The Red Couch, A Portrait of America is a book photographed by Kevin Clarke and Horst Wackerbarth, with a text by William Least Heat Moon. Published in 1984, the book includes 100 portraits of people in various parts of the United States featuring people from all walks of life sitting on a red velvet couch. Originally conceived of by Clarke as Americans on a Red Velvet Couch, the project was an early postmodern view of America and its cliches. The working title referred to a conceptual continuation of American road trip photography as documented in Walker Evan’s American Photographs, 1938 and Robert Frank’s The Americans, 1958 with the crucial difference that all the portraits were necessarily staged. Thus the project became a series of small theatrical events for the camera, calling classical documentary photography into question. Clarke began photography of Americans on a Red Velvet Couch in 1979 and was soon joined by Horst Wackerbarth. Photography continued until shortly before publication in 1984. The project was especially supported by LIFE and STERN magazines and by publisher Alfred van der Marck. Special appreciation to Baldev Duggal of Duggal Color Projects, New York for his support.
Prior to The Red Couch, A Portrait of America I published a volume of 72 portraits of salespeople amid their commodity landscapes in Germany’s most famous department store.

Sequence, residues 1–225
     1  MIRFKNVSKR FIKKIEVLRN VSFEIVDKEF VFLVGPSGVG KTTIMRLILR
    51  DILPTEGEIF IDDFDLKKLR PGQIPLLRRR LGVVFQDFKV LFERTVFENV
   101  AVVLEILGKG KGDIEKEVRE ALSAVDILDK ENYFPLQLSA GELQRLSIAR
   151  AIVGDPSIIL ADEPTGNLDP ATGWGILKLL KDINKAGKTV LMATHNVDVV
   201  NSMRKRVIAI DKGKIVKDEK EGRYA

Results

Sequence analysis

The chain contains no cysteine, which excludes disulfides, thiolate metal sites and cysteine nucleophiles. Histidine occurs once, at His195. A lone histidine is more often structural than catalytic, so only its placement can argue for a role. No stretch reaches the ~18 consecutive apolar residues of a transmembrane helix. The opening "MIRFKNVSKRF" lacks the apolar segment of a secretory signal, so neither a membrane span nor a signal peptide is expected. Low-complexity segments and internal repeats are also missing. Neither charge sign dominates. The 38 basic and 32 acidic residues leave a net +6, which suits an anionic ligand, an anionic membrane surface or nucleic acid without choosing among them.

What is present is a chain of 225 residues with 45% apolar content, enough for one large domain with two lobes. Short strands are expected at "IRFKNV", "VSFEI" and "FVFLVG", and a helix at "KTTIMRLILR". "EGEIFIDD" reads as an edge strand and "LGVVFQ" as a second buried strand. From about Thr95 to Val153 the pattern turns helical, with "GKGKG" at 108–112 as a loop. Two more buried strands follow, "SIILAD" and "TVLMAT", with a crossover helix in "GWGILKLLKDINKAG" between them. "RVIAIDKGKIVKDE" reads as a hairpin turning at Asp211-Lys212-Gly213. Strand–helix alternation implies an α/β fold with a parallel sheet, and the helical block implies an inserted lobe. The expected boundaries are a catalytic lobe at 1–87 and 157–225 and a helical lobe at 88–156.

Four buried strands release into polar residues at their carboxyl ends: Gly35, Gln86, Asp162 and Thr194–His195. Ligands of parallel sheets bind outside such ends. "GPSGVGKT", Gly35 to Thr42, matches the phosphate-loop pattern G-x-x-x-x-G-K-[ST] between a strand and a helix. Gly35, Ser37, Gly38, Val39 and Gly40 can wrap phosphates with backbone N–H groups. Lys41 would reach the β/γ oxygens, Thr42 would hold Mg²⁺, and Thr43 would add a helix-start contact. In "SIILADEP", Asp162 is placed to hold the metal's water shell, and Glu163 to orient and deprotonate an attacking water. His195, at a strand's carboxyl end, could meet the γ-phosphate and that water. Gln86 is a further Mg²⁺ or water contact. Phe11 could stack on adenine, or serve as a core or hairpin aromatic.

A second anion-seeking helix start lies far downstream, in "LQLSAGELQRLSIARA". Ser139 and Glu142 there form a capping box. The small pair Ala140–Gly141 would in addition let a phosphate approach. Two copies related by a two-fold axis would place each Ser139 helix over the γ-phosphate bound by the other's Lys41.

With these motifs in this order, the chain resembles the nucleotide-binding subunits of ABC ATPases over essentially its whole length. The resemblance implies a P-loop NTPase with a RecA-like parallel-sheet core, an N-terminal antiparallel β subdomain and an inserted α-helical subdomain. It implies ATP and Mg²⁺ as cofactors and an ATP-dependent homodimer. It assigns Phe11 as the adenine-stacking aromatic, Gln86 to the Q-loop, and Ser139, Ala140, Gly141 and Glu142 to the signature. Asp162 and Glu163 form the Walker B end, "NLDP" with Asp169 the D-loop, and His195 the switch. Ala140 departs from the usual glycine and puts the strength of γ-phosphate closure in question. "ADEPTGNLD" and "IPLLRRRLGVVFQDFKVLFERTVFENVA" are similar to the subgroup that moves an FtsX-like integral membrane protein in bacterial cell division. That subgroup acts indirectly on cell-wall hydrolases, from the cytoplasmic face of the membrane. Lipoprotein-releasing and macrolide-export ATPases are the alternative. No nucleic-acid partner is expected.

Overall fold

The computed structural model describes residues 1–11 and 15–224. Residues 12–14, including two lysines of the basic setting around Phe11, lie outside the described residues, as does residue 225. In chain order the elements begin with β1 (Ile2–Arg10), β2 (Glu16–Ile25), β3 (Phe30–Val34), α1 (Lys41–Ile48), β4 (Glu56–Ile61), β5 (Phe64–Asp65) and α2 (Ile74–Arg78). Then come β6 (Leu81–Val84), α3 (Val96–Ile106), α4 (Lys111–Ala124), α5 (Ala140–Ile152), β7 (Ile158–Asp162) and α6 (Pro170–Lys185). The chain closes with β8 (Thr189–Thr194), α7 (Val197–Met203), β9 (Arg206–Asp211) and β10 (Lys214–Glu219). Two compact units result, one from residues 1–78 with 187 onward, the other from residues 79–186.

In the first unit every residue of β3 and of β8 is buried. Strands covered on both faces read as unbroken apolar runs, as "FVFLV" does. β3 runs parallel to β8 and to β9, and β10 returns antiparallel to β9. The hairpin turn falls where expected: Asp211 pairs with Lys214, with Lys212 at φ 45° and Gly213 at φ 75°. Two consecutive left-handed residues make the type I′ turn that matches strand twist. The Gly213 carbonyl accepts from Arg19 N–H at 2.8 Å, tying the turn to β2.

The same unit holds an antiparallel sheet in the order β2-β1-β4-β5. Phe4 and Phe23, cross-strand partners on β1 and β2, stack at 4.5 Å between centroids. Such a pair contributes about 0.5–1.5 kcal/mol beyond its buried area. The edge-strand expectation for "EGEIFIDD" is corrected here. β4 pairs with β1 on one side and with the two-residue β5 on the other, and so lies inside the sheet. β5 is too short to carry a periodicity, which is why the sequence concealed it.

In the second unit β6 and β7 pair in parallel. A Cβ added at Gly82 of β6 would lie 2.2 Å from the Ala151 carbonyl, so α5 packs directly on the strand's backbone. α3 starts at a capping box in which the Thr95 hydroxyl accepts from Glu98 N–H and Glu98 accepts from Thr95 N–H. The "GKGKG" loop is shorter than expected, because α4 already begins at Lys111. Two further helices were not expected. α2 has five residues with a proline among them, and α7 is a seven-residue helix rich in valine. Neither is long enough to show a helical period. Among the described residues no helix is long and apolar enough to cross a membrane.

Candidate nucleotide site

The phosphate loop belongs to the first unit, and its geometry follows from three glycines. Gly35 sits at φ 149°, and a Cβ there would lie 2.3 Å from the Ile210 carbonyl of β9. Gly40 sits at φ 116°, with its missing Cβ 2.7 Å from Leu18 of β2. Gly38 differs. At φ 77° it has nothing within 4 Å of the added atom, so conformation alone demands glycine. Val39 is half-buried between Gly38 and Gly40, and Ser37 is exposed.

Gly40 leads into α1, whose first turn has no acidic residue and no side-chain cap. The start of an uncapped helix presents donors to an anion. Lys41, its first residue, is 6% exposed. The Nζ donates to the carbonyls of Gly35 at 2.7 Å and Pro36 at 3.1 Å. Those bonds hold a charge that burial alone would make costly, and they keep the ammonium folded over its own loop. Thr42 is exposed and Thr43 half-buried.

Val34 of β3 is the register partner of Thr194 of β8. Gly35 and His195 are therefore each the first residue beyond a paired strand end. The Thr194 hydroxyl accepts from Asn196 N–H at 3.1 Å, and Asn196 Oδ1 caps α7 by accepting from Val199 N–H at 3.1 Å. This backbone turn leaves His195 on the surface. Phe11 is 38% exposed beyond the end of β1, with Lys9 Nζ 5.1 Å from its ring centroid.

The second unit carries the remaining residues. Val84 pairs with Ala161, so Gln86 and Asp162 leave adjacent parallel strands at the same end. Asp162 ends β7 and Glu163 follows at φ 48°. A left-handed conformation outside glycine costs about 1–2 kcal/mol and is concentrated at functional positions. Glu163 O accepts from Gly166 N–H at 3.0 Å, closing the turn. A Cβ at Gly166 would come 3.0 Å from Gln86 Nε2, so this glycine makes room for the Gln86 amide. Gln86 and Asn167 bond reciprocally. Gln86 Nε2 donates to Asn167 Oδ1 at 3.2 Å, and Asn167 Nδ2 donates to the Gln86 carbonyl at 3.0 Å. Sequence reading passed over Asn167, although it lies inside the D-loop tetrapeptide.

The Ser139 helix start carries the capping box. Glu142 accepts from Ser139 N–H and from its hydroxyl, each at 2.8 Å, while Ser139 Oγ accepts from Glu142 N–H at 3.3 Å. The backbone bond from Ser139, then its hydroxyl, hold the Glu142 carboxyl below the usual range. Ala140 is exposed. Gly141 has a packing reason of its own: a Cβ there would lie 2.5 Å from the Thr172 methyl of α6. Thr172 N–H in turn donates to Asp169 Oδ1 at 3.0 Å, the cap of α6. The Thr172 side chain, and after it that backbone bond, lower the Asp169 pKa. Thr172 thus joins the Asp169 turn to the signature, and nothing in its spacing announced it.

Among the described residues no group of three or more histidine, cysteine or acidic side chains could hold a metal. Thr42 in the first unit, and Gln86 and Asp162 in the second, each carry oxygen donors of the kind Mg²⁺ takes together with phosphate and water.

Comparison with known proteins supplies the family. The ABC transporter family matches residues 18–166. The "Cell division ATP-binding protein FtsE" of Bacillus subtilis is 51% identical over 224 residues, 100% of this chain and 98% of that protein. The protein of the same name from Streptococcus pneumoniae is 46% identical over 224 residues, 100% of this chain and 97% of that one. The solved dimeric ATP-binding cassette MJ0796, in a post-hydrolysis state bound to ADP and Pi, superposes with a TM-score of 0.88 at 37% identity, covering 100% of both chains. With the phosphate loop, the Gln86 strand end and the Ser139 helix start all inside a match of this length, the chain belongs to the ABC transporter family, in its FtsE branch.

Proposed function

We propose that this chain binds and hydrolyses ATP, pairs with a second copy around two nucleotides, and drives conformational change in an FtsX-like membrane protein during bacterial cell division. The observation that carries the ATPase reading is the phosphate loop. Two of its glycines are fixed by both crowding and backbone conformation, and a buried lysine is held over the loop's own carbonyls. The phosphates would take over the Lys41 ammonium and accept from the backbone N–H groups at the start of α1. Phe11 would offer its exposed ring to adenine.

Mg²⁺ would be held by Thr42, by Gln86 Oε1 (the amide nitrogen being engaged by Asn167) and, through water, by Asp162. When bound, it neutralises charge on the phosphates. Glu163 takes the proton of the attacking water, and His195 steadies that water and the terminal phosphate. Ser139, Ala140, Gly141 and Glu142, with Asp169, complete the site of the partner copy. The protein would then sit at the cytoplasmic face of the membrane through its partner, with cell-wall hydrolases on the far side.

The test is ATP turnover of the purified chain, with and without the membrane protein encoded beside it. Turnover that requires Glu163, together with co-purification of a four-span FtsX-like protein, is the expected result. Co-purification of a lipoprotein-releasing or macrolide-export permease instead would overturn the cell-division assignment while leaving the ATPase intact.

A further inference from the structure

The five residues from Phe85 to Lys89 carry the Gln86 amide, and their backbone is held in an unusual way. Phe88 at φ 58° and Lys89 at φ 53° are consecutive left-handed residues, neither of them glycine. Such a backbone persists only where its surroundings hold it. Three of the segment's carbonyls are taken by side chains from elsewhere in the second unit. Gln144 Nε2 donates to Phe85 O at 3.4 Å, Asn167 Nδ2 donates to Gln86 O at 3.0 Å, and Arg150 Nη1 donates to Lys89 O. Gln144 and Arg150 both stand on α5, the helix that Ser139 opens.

KAUFHAUSWELT (Department Store World)
Published in 1980 by Schirmer + Mosel Verlag, Munich. Black & white photographs by Kevin Clarke in Kaufhaus Des Westens (KaDeWe) in West Berlin. Text by Hans J. Scheurer.
“Close the doors of a department store. Open them again after 100 years and you have a museum of modern art!.”
– Andy Warhol.
In 1978-79 Kevin Clarke photographed each department in the West Berlin department store Kaufhaus des Westens, Department Store of the West. Then newly renovated, the KaDeWe, as it is known, was the largest and most exclusive store in divided Berlin. Using a Leica 35mm camera and a tripod, Clarke photographed the products, salespeople, and their presentation. The 72 images build a subtle view of the salespersons and the sales interface that is by turns ironic, idiosyncratic, humorous, and deeply revealing.
The series was first exhibited at the Frankfurt Kunstverein in 1980. The German philosopher Wolfgang Fritz Haug, author of Critique of the Commodity Aesthetic, (Suhrkamp, 1972) wrote an introductory essay for the book. It was rejected by the publisher, Lothar Schirmer, who is also one of Europe’s great art collectors. Photography theorist Hans Scheuerer wrote the text that was finally printed. The impact of these photographs is currently being re-appraised by art historians in Germany and the U.S.